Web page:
Booted Clerics Regroup

By Chris Birk
The Times-Tribune [Scranton PA]
March 4, 2006

The controversial Society of St. John, shut down by the Diocese of Scranton last year, claims to be back in the good graces of a Catholic diocese.

Good enough, in fact, to set up shop as an official organization.

A letter on the group's Web site claims the society has been approved as a public association of the faithful in the Diocese of Ciudad del Este in Paraguay. Bishop Rogelio Ricardo Livieres Plano, who presides over the diocese's more than 500,000 Catholics, is credited with establishing a spot for the society.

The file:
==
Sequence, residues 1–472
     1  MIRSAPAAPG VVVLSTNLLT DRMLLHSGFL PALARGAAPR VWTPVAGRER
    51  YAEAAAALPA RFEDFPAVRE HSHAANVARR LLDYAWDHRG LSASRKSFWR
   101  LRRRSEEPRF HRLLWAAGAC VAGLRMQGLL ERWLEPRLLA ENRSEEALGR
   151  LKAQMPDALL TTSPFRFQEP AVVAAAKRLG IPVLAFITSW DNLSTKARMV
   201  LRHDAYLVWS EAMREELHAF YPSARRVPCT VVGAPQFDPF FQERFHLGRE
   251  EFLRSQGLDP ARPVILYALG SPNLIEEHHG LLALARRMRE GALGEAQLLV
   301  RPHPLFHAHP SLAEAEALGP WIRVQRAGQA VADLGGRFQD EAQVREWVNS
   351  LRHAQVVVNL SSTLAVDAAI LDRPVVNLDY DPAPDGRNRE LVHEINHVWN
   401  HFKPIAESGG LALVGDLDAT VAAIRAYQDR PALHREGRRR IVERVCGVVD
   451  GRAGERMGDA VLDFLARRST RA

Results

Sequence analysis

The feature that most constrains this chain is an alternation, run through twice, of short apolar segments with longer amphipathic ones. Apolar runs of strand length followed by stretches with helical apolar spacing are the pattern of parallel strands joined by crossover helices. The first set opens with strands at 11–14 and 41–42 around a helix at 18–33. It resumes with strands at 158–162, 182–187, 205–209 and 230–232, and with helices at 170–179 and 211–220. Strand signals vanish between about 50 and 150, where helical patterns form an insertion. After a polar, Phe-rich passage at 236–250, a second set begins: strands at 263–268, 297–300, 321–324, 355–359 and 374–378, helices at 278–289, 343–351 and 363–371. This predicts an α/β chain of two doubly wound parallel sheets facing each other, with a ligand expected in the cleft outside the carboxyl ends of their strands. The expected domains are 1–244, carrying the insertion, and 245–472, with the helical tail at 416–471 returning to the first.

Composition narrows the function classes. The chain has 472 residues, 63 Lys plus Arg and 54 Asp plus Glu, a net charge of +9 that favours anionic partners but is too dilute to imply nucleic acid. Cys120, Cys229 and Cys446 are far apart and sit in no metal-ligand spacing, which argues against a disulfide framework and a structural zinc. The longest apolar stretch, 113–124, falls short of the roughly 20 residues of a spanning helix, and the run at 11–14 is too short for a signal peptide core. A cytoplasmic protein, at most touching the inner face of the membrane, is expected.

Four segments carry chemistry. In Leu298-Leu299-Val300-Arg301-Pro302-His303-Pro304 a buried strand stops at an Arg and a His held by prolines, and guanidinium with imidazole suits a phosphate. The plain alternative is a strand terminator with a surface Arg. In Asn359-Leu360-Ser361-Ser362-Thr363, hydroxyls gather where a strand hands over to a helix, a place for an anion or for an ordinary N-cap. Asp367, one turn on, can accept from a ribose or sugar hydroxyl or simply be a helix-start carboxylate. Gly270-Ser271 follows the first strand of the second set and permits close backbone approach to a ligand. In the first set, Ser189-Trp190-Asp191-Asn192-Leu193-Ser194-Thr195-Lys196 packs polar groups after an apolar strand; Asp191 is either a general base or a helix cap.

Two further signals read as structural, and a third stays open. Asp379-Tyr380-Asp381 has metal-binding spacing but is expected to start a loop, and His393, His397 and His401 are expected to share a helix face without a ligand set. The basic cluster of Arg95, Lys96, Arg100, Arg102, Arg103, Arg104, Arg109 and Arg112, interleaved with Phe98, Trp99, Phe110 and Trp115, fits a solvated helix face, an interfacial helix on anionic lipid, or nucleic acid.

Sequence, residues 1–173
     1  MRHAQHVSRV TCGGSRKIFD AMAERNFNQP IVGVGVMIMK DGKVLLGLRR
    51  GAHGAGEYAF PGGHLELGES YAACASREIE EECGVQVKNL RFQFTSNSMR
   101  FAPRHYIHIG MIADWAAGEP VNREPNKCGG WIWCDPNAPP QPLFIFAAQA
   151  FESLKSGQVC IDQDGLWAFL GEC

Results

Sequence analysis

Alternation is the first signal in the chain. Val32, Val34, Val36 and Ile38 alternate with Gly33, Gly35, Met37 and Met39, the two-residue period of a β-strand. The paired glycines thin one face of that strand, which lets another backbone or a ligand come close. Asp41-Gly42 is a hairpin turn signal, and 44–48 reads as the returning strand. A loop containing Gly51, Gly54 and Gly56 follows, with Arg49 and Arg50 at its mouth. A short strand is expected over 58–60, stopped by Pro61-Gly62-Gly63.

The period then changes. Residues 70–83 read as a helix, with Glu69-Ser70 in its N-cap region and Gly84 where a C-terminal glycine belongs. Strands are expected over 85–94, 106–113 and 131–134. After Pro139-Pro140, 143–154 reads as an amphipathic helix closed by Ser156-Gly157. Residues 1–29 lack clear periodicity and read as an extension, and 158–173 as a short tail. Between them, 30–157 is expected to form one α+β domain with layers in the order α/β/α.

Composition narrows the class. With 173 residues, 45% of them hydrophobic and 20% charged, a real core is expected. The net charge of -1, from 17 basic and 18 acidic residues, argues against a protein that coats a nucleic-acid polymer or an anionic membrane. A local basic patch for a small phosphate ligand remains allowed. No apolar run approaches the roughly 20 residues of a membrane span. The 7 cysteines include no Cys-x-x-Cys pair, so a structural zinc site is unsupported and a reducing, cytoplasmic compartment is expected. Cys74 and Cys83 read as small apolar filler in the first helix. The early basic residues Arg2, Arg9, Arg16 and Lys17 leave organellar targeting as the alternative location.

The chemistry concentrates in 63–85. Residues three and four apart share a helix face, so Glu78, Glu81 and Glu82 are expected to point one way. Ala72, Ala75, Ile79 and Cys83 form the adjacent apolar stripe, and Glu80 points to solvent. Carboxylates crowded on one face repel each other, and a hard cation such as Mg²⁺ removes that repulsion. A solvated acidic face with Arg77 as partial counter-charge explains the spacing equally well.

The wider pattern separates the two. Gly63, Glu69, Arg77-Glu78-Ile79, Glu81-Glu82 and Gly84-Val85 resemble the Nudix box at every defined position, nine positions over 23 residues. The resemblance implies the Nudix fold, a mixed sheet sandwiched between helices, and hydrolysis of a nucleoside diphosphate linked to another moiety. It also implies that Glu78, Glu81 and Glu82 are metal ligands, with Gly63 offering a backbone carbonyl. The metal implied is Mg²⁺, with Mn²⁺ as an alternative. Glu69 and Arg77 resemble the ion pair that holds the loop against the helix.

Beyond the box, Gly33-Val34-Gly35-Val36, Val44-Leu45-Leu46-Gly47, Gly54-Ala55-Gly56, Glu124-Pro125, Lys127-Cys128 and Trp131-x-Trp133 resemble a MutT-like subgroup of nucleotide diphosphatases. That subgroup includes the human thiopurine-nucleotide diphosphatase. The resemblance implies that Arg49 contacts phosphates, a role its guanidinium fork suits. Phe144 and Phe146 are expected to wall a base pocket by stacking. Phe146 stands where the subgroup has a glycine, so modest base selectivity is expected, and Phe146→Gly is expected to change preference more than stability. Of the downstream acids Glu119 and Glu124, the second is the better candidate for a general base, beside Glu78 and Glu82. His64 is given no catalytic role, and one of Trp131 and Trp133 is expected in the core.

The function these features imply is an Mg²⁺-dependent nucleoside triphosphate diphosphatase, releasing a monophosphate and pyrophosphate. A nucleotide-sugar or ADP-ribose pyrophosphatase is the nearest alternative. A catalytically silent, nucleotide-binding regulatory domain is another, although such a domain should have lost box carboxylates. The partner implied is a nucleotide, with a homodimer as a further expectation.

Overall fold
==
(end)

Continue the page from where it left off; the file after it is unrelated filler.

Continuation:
"We are now, once again, officially approved by the church and can operate in an official capacity on behalf of the church," the letter, written by Brother Anthony Myers, reads in part. "The good bishop has a great love for the traditional liturgy, and thinks that the Society of St. John will be a happy influence in his diocese."

Efforts to reach representatives of the diocese in Paraguay and the Society of St. John were unsuccessful.

The Most Rev. Joseph F. Martino, bishop of Scranton, suppressed the society in November 2004 after a six-year run marked by a lingering sexual abuse lawsuit and mounting financial problems.

The society had sought to create a traditionalist Catholic haven in Pike County centered on education, liturgy and communal worship. But Bishop Martino cited steep financial burdens and "acts of commission and omission" regarding sexual abuse allegations in issuing his decree.